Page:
What is the numinous?

Why do I use this word as a byline for my personality and view of the world? The classical definition from Webster’s Dictionary is “having a mysterious, holy, or spiritual quality.” I certainly do not believe in the holy or the divine, but I do feel that there are elements of life, of nature, and of the cosmos that instill within me the deepest sense of wonder and awe, of transcendent majesty.

I was raised by my grandparents (my grandmother in particular) who were keen on ensuring that my brother and I received the best education possible, away from the broken public school system of Long Beach California in circa 1990. My grandmother was a strange amalgam of competing religious ideologies, the daughter of a strict Roman Catholic and a stricter Seventh Day Adventist. Now Adventists believe in a very literal interpretation of the Bible and insist that the day of rest prescribed by God in the Ten Commandments is Saturday. They are also strict vegetarians, believers in a rapidly approaching apocalypse, and deep-seated haters of Catholicism.  So, after going to Saturday services, her father would pack her and her sister up and go to Mass to receive the Eucharist and pray to the Virgin Mary for intercession on behalf of their sins to God.

I can’t imagine the difficult position this must have put her in, trying to please one parent and then another whilst trying also to not offend a deity that was getting worshipped in all sorts of different ways. I believe this contributed mightily to her paranoia in later life and in her decision to put me into a Seventh Day Adventist school. Despite the religious nature of the school, I did learn and thrive on its cloistered campus (now long since turned into a vast and empty plot of land bordering the 710 freeway).

I learned that there are questions about the nature of the universe that can be answered purely in our own minds. I was almost eight years old when I first heard about “God.” My mother was a drug addict and shuffled my brother and me around so often that there was literally no place I could call a home. She also never endeavored to teach us anything beyond the minimum needed to survive, and most of my early memories are hidden in a fog. But I do know that she never once mentioned God or the existence of such a being.  Being thrust into the middle of an elementary school education where the primacy of God was central was a huge shock to us.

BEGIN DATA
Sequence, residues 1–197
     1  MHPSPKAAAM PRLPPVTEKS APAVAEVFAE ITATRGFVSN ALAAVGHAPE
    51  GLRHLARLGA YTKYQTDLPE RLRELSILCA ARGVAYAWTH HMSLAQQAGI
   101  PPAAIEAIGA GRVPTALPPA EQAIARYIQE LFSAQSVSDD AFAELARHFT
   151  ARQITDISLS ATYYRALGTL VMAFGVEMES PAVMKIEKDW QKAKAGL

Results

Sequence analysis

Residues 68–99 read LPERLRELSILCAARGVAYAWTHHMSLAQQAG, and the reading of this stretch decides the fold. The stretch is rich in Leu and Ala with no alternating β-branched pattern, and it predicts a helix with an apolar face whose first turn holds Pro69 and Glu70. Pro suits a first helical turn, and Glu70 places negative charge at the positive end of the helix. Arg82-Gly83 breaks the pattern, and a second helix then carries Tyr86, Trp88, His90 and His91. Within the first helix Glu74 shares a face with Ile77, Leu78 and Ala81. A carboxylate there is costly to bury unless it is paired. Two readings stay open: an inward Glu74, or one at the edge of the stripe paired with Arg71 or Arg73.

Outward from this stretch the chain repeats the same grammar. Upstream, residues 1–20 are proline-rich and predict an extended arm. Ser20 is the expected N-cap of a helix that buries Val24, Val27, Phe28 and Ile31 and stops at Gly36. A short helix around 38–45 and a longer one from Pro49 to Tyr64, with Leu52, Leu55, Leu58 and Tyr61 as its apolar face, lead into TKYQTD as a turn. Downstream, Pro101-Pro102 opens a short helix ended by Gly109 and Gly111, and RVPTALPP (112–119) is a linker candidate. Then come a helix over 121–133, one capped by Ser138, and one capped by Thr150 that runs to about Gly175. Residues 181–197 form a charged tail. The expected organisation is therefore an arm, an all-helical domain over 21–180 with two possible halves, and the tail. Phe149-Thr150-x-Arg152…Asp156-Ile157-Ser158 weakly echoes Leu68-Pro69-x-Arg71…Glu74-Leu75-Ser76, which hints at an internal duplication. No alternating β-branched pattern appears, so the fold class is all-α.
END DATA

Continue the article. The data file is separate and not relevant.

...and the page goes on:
I look back at my experiences and struggle to recall if I ever truly believed in any of the things I was taught; the implausibility of the trinity, or the various and horrifying slaughters perpetrated in the name of God, Just and Loving, listed throughout the Bible, the unlikely events of miraculous healing and raising of the dead. I had never experienced a miracle in my life. If there was a God, why did he allow me to be tortured and molested for so many years as a child? I remember asking the Bible Studies teacher how Noah could collect a sample of every bacterium on Earth, let alone animals and plant life scattered over multiple continents, and still have time to build a wooden boat big enough to put them in.

Despite the religious instruction, I did have some decent science teachers who did a wonderful job explaining the basics of the scientific method, how to use our minds to investigate the natural world. I don’t think they intended to sneak some critical thinking in there, but when you applied the tools of skeptical scrutiny to their religious teachings, those teachings did not appear to stand up under the onslaught. My journey to freethought was inspired by this as well as heaping helpings of the works of Arthur C. Clarke, forays into Isaac Asimov’s popular science books, and Bill Nye (believe it or not).

One of my fondest memories, the one that is probably the most vivid in my mental storehouse, is of the weekend science camp that grandma allowed me to attend in the 7th grade. Up in the mountains of Southern California, far from city noise, smog, and bright lights, my classmates and I wandered through nature trails learning of the life cycle of plants and trees, how the water cycle impacted their growth as well as the impacts on the water table upon which human life depends. We listened to lectures on biology and physics, and were promised a very exciting event in the evening; a blindfolded walk through the woods to a hilltop clearing. The exhibit? The stars.